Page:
Due to the number of involved point sets, the registration problem can be divided into two sub-problems, the pair-wise registration and the multi-view registration. For the pair-wise registration, one of the most popular methods is the iterative closest point (ICP) algorithm, which can achieve pair-wie registration with good efficiency. But it cannot deal with non-overlapping point sets. Besides, it belongs to the local convergent algorithms. To improve its performance, many ICP variants have been proposed for pair-wise registration . For non-overlapping point sets, Chetverikov et al.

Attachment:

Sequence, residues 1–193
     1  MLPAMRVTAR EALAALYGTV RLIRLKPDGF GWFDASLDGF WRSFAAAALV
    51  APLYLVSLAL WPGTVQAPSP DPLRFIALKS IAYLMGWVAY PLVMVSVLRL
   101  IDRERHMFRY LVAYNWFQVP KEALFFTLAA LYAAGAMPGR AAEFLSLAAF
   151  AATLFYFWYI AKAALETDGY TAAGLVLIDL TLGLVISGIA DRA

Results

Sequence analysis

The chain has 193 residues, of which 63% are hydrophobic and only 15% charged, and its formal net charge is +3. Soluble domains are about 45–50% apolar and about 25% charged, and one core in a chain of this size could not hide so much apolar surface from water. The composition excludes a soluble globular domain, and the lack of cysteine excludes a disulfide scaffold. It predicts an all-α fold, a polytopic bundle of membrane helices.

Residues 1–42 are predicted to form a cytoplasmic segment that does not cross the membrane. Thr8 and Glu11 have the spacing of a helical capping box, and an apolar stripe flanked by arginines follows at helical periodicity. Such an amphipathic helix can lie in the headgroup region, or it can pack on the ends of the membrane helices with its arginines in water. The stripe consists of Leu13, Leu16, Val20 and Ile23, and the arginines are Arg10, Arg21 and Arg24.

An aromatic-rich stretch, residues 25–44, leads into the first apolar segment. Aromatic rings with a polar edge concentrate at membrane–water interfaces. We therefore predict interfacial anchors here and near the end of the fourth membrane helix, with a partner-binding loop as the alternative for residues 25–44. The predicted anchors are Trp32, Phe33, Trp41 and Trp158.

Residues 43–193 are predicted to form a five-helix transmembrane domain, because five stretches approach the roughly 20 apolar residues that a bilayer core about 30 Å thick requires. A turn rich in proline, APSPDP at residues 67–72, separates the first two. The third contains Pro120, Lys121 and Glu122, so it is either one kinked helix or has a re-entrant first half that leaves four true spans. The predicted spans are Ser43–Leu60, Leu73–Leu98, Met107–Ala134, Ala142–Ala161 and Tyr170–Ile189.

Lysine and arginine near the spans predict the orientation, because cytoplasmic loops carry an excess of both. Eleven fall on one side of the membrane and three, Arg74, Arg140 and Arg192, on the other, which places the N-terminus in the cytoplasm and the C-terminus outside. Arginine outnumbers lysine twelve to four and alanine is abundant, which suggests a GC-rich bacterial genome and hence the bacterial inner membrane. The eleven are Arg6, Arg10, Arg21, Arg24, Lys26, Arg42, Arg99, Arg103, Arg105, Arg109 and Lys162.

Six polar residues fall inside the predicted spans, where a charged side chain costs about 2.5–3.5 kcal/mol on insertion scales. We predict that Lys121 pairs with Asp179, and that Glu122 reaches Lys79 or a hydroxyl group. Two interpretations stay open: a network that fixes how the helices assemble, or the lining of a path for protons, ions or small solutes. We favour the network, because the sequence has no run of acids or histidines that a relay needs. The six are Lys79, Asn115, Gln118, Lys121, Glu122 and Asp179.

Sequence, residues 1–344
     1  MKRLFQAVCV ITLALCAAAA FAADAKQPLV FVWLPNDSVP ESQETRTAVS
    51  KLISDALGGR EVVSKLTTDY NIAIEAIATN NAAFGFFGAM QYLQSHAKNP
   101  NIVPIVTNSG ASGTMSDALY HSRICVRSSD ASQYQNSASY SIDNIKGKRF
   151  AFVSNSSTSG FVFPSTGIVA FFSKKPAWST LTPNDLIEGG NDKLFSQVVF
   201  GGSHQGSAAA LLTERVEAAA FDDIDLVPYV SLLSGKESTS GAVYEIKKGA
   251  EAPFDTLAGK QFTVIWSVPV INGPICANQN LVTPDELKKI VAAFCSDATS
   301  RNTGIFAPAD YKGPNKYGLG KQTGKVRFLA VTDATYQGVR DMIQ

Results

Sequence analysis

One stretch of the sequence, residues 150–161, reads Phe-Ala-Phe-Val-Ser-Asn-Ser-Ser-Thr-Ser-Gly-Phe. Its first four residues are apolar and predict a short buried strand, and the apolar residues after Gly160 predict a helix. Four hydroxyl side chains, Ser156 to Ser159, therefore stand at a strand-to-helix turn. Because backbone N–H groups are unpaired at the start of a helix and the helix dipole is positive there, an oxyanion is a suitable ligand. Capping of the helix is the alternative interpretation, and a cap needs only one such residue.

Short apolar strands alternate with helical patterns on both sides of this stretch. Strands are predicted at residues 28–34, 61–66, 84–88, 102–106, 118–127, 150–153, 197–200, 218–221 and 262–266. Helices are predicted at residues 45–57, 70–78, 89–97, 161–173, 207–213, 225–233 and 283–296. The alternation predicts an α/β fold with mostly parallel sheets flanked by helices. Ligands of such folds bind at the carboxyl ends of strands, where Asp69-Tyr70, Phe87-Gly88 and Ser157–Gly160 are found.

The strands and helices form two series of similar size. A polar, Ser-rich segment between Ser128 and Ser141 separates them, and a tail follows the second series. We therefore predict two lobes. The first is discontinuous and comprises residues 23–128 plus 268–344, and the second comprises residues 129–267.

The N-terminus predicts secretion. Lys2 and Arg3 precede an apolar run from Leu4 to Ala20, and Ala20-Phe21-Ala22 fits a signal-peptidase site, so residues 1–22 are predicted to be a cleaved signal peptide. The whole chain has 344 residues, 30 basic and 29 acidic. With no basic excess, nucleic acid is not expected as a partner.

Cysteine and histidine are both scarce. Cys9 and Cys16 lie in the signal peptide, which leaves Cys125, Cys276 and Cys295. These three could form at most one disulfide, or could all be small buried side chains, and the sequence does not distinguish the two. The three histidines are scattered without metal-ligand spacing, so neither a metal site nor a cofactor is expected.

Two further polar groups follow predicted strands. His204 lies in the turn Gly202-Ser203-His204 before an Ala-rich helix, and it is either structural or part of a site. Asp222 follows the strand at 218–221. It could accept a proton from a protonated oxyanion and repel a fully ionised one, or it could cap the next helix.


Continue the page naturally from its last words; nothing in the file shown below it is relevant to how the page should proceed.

proposed the trimmed ICP algorithm, which introduces the overlap percentage to automatically trim non-overlapping regions for accurate registration. To address local convergence, the Genetic algorithm or the particle filter  is integrated with the TrICP algorithm to search the desired results. For the efficiency, some point feature methods [16, 25] are proposed to provide good initial parameters for the TrICP algorithm or its variants. Recently, some GMM-based method approaches, such as CPD , GMMReg  and FilterReg  were also proposed to solve the pair-wise registration. Both CPD and FilterReg represent one point set as GMM, then cast the pair-wise registration problem as a maximum likelihood estimation problem. While, GMMReg utilizes Gaussian mixture models to represent both two point sets and reformulate the pair-wise registration as the problem of aligning two Gaussian mixtures such that a statistical discrepancy measure between two GMMs is minimized. Although these approaches can achieve pair-wise registration with good accuracy and robustness, they are time-consuming due to the huge number of point correspondences required to be established. Besides, they are unable to directly solve the multi-view registration problem.